South Africa’s giant Northern Cape is a wild and sun-seared landscape of rugged lava mountains, rolling red desert, sandy plains – and acres of solitude, where huge skies explode with stars after sundown. See lions prowl in the Kalahari Desert and wildebeest gather on the plains. Tap into history at a 19th-century diamond mine, paddle the Orange river and hike to South Africa’s largest falls. There are so many things to see and do in South Africa’s largest and least populated region. Here are just 10 reasons to choose the Northern Cape for your South Africa holiday.
Number one on your wish list is probably an animal safari. You could visit the enormous Kgalagadi Transfrontier Park that straddles South Africa and Botswana. Or, perhaps choose the smaller Maloka National Park, or shell out for the private Tswalu Kalahari Reserve. Maybe even dip into all three. But you’ll almost certainly be able to cross this one off your list.
When we say this park is enormous, imagine 37,000 square km – we’re talking almost twice the size of Kruger National Park – dominated by undulating red desert dunes, thornveld and salt pans. It’s an extraordinary landscape, all sweeping vistas and unbroken skies that dazzle at night with millions of stars. This, along with the wildlife, is why Kgalagadi provides one of South Africa’s best safari experiences.
Herds of blue wildebeest, gemsbok, giraffe, hyenas, springbok – and cute meerkats stealing the show, are just some of the animals at Kgalagadi. But the big draw here has got to be the big cats – the elusive leopard, the cheetah and the mighty black-maned Kalahari lion. But bird lovers will also be delighted. There are around 280 species of birdlife, including various eagles, owls, and goshawks. In summer look out for the willow and African marsh warbler and listen at night for the Rufous-cheeked Nightjar.
The park has various accommodation options, including wilderness camps and three fenced restcamps (peace of mind for parents, knowing no four-legged predator will suddenly appear). The restcamps also come with swimming pools – great for overheated and fractious kids (and adults).
The luxury !Xaus Lodge, owned by the Khomani San and Mier communities, also comes with a pool, as well as a cosy communal lounge to relax in before dinner. They offer guided game drives, as well as walks with Bushman trackers and the chance to see Bushman crafters at work making traditional goods.
The 48,000 acres of hills and open plains of Mokala National Park are home to many endangered animals. Take a game drive to see black rhino, white rhino, Burchell’s zebra, tsessebe, giraffe, and roan and sable antelope, among others. Mokala’s rocky outcrops also attract many species of birdlife, including the black-chested prinia, the lappetfaced vulture, and martial and tawny eagles.
There are also great fly-fishing opportunities at the river near the Lilydale restcamp – which is good news for anglers.
South Africa’s largest private wildlife reserve provides a haven for some of the big favourites, such as lions and cheetahs, giraffes and zebras. There’s a commitment to ecotourism and conservation, with breeding programmes contributing to the survival of indigenous species, such as the sable and roan antelope.
Staying at Tswalu is the ultimate in luxury safari. You’re given a personal guide and tracker for your expedition, while back at base are spa treatments, the use of a gym, and top-notch meals and accommodation.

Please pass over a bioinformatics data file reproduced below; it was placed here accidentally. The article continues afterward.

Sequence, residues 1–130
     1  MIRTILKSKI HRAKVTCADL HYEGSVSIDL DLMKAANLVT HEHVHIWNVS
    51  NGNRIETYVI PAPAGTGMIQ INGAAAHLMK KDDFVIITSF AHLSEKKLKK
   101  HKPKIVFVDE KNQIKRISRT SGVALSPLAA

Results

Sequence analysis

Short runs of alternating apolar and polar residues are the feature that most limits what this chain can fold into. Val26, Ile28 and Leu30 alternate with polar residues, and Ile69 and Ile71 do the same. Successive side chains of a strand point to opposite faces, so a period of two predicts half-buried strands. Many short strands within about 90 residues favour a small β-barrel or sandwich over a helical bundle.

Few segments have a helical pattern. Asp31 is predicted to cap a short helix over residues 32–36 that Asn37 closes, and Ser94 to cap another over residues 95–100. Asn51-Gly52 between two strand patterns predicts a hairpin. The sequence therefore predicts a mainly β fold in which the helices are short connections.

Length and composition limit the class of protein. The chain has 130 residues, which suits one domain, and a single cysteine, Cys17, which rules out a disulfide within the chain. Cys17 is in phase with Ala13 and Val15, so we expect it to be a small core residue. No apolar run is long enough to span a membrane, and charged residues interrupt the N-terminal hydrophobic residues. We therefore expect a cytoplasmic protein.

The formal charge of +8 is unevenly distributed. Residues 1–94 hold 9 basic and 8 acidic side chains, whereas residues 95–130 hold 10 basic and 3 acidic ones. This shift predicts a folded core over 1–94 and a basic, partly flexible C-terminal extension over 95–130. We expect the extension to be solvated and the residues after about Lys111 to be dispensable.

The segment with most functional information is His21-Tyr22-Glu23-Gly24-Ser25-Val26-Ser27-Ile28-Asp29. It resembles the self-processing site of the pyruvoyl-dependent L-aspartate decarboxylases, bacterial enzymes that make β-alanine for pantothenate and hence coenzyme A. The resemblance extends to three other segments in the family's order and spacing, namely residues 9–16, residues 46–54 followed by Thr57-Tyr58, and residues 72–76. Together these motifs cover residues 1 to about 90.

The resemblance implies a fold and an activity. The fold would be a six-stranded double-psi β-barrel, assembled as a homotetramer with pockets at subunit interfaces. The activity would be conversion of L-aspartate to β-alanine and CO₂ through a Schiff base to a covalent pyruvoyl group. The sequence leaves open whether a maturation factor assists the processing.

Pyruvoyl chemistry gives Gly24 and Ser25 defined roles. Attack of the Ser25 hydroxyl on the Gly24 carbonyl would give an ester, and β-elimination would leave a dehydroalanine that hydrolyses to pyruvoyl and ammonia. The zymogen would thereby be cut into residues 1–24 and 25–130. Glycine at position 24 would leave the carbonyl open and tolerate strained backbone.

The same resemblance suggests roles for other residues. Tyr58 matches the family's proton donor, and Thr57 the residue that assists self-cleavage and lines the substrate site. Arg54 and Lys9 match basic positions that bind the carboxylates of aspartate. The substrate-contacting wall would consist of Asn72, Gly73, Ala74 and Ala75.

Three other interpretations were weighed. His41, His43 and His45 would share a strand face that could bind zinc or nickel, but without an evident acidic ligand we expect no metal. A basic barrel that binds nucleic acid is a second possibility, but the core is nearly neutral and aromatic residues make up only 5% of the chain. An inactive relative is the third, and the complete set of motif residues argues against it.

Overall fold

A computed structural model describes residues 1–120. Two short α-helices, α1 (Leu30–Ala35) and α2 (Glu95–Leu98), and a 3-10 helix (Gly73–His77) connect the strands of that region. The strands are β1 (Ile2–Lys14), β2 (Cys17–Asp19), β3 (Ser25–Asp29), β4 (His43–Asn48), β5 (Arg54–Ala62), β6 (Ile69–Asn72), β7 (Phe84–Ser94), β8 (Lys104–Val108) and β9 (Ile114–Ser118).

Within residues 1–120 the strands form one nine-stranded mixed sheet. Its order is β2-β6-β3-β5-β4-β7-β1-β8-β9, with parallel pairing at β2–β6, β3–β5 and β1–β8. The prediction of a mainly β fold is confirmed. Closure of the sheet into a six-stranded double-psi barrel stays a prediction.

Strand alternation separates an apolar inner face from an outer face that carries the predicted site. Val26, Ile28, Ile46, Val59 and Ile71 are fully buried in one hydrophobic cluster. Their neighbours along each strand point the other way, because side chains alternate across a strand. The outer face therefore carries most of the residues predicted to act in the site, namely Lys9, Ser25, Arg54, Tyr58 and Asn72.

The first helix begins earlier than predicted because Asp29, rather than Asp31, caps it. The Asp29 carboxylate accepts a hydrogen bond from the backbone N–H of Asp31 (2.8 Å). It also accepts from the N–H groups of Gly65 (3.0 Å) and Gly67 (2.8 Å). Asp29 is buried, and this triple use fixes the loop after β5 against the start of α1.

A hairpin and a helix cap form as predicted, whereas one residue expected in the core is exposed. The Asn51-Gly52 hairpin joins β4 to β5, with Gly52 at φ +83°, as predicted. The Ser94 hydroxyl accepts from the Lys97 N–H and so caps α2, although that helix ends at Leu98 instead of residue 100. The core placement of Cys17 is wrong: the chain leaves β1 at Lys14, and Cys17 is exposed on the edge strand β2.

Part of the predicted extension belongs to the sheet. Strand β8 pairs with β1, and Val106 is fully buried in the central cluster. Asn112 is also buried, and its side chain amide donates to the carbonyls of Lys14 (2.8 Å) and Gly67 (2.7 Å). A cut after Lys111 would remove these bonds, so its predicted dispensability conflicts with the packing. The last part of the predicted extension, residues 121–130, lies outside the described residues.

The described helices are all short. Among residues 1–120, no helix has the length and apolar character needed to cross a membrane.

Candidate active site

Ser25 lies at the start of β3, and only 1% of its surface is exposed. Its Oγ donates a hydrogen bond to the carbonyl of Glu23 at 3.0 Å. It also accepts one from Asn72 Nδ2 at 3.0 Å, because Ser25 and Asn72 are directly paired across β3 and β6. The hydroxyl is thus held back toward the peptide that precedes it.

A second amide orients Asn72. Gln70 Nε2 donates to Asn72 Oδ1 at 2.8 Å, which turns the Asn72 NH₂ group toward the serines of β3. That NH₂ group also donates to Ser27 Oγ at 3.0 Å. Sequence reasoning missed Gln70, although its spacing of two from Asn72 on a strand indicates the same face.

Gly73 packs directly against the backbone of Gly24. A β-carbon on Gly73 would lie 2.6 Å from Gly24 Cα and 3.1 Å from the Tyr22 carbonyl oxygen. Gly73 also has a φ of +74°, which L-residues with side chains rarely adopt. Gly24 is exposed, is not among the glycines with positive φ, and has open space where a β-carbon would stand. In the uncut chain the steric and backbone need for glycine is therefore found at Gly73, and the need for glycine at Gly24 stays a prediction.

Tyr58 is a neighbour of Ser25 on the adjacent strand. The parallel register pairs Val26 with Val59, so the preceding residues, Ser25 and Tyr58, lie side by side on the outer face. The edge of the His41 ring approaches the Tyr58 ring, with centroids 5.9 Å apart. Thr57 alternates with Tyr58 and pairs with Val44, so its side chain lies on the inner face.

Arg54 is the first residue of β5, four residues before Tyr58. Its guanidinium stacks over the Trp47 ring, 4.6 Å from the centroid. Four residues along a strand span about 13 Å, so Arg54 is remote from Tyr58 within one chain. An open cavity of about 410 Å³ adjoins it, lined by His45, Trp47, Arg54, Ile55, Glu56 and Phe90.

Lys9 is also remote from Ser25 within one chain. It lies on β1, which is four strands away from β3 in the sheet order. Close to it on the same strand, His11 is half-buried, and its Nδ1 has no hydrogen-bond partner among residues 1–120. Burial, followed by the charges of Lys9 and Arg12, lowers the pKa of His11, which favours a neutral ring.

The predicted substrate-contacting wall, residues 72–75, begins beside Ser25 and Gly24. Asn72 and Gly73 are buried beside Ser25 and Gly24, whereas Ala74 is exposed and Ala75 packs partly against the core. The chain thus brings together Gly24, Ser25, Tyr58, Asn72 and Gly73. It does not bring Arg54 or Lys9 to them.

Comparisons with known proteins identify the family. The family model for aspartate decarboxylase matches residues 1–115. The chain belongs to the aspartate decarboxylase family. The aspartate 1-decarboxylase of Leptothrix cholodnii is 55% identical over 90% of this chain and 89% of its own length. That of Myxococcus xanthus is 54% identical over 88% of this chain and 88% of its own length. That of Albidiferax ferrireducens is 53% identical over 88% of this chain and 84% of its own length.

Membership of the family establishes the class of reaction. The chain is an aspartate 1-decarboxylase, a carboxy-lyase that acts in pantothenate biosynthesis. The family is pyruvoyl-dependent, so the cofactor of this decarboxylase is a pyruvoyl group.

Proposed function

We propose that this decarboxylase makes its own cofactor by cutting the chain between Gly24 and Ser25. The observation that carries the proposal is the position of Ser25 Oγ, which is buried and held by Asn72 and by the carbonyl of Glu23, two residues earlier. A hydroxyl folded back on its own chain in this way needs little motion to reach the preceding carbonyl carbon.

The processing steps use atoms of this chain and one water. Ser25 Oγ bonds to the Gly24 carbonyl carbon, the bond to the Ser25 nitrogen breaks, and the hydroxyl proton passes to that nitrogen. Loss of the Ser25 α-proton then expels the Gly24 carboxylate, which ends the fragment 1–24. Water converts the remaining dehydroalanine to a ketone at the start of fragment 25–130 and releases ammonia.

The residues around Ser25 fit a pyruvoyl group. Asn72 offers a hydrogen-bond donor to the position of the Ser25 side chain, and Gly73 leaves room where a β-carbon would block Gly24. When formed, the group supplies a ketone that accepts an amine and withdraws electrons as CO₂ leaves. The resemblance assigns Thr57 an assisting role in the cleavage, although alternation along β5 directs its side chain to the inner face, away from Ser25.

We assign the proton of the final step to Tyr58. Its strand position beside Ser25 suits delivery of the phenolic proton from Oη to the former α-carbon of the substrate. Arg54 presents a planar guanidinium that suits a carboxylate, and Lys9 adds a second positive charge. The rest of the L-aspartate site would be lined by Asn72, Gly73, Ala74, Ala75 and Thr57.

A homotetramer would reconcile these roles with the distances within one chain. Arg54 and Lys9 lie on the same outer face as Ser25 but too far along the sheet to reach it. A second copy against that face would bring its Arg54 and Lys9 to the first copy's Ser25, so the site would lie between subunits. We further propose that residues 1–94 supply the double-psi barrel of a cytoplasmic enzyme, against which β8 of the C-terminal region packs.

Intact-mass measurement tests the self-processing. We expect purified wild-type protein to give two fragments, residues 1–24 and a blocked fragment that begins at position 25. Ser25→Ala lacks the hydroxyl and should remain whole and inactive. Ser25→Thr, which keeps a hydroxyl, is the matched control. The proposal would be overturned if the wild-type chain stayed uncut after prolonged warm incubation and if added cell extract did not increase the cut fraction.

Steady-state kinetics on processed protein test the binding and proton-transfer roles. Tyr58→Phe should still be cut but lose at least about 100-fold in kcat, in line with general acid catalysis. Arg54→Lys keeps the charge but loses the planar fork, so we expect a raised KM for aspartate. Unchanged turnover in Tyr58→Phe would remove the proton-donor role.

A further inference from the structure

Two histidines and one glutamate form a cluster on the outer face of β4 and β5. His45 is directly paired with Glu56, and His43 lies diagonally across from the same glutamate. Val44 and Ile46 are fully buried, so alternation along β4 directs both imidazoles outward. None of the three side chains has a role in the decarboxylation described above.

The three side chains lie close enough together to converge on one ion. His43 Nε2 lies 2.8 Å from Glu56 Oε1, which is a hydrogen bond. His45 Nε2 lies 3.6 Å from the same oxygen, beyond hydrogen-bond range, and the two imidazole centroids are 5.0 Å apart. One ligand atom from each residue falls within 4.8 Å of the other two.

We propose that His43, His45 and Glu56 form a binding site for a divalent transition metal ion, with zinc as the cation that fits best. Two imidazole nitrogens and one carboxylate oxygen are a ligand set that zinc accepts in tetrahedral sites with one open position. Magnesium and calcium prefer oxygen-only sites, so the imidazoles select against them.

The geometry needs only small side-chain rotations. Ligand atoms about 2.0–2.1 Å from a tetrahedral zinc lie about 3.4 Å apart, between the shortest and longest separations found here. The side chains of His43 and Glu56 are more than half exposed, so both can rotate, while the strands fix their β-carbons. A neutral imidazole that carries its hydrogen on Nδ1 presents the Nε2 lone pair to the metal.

Peering into the Big Hole at Kimberley is a glimpse into the city’s turbulent diamond mining history. In 1871, thousands of prospectors descended on Kimberley with picks and shovels, to dig for the glittering gems, after a shepherd found a whopper nearby, weighing a cool 83.5 carats. By the time the mine closed in 1914, it had become the world’s largest hand-dug excavation, yielding 2,722kg of precious stones.
There’s a viewing platform above the Big Hole, as well as a simulated mine shaft, the audio visuals effectively recreating the harsh conditions the miners must have faced. You can learn more about the history of diamond mining in the Exhibition Centre and see a vault containing genuine diamonds, including the Eureka, the first diamond discovered in South Africa.
The partly restored and preserved Old Town at the museum offers a fascinating step back in time to the diamond-rush era. It includes a church, a pub, boxing academy, tobacconist and miners’ sleeping quarters. Kids will love the old tram that trundles from the Old Town part of the way around the perimeter of the Big Hole.
While you’re in Kimberley on your South Africa holiday, you must make time for some of the city’s best museums and galleries.
The McGregor Museum houses a broad mix of displays covering, for example, the history of diamond mining in Kimberley, the Second South African War (also known as the Anglo-Boer War), as well as the fraught struggle for democracy in South Africa. Not to be missed is the Ancestor’s Gallery, an absorbing exhibition investigating the ancestry of Northern Cape inhabitants going back millions of years.
Alfred Duggan-Cronin was nicknamed “Thandabantu”, meaning someone who loves people, in the language of the Matabele. The collection in the Duggan-Cronin Gallery gives you some indication why. The Irish amateur photographer began taking pictures of miners in1904 and then travelled all over South Africa, photographing the indigenous people of the country. There are more than 8,000 photographs on display, most of them taken by Duggan-Cronin. This is a must visit for anyone interested in art, photography, and the history and culture of South Africa.
The William Humphreys Art Gallery is one of South Africa’s top art galleries. It houses a large collection of work by European Old Masters, but the main focus is on traditional and contemporary South African art. It was also one of the first galleries to recognise San rock paintings as works of art.
As you approach South Africa’s largest falls you understand why the Khoikhoi people named them Ankoerebis, meaning “the place of great noise”. Colossal amounts of water from the Orange River thunder through a ravine and hurtle over a 56m drop – creating quite a din. The incredible scene is accentuated by the austere semi-desert backdrop, which is all the more striking at sunset. The falls are particularly impressive between February and April, when the river is at its fullest.